Last year, I outlined a number of digital services and apps that I use as part of Living Digitally, of which I still use several on a regular basis. However, new services and apps have become part of my digital habits, and I therefore decided to write an updated 2014 edition of the post from last year.
As mentioned in last year’s post, there is a vast and ever-increasing number of digital services available and plenty of possibilities for using these to live smarter, and with this 2014 edition I hope to inspire you to expand your own ways of living digitally.
The digital services and apps I’ll cover are the following:
- Digital content hub: Evernote
- Reading later and on the go: Pocket
- Text hub in iOS: Drafts
- Scan notes and documents everywhere: Genius Scan
- Short links and link statistics: bit.ly
- Ending the password hassle: 1Password
Digital content hub: Evernote
Evernote was already part of my digital habits last year, but has since taken over from Simplenote for notes – and has, more generally, become my digital content hub, both privately and for work.
I use Evernote for organizing all my work, including work journals, meeting minutes, PDF annotations (that I export after reading in GoodReader on the iPad), literature reviews and a lot more. Privately, I store food recipes, receipts of things I have bought (typically scanned with Genius Scan), all my social media posts and links, all my blog posts and all blog posts and articles I read online to name but a few.
I thus vividly recommend anyone to get started using Evernote; you may not love it in the beginning, but the more content you add to Evernote, the greater its value will become.
Reading later and on the go: Pocket
As I’ve written about earlier this year, using a read-it-later-service like Pocket is useful to collect all the articles and blog posts you want to read at some point – but that would distract you in what you do right now. I mainly read the texts I collect in Pocket during the weekend and when I travel where I have better time – and which makes me procrastinate less while at work.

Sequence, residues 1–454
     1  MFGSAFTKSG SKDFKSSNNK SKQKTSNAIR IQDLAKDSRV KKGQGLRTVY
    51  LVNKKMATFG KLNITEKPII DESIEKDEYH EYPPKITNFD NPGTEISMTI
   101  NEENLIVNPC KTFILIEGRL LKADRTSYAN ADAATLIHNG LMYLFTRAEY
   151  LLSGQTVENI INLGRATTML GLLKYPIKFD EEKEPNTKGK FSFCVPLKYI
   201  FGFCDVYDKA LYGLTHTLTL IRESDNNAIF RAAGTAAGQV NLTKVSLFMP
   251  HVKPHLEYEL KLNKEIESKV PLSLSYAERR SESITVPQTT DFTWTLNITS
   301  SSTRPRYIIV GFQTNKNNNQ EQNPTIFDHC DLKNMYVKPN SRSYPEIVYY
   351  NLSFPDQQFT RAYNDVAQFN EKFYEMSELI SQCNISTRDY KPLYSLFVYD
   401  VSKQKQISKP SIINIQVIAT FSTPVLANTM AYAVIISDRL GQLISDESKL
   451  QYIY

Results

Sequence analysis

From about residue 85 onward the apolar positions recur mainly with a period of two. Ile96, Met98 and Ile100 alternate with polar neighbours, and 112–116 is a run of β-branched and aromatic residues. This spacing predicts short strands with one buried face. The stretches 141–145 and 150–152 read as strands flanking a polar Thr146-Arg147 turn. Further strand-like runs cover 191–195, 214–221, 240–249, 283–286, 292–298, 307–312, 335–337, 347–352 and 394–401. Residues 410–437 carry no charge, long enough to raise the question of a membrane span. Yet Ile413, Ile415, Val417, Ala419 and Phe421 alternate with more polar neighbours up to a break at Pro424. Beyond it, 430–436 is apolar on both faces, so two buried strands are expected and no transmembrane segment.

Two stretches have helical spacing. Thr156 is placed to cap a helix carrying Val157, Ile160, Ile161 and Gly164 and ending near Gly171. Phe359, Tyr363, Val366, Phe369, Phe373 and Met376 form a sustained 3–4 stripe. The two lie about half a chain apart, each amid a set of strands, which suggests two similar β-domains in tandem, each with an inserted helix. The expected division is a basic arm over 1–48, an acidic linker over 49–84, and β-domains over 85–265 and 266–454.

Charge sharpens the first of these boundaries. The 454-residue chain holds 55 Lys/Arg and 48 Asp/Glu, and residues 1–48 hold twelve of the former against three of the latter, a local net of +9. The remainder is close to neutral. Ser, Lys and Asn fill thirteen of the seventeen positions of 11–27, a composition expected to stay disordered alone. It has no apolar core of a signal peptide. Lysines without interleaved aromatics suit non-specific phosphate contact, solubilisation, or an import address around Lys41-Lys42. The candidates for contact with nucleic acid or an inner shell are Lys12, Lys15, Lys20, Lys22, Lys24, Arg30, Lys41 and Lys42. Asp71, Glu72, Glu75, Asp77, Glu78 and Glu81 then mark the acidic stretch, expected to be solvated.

In last year’s post, I mentioned Readability, but have since changed to Pocket that is more feature-rich and connects with more services than Readability. I even managed to export all my articles from Readability and import them into Pocket, using a Python script to convert the data into the right format.
— Jakob R. de Lasson (@Jakobrdl) 18. januar 2014
I have Pocket installed on my iPhone and iPad and use these to add content if I find something interesting to read. In the Feedly iOS apps, I can save articles and blog posts directly to Pocket, and in Google Chrome I use a browser extension to add articles to Pocket directly from the browser.
One feature I like a lot in Pocket is its ability to export whole articles and blog posts to Evernote – which, as described previously, I use for storing everything I read digitally.
Text hub in iOS: Drafts
Drafts is an iOS app for iPhone and iPad that has become my go-to app for everything that is text related when on any of my mobile devices – which a lot of things are! The idea is to use the app for storing and processing any type of text, and when the app is opened, a blank note appears, which can be used for copying or writing text directly into – and subsequently the text is processed using Drafts actions.
As examples of usage, I have set up actions for e-mailing myself, for adding rows to Google Sheets, for pre- or appending text to existing Evernote notes and for adding new notes in Evernote in a specified notebook. For example, I have a notebook called “BlogIdeas”, in which I collect ideas for future blog posts. When I think of an idea, I fire up Drafts, type in the idea and hit the “Blog idea” action that readily creates a new note with this idea in Evernote.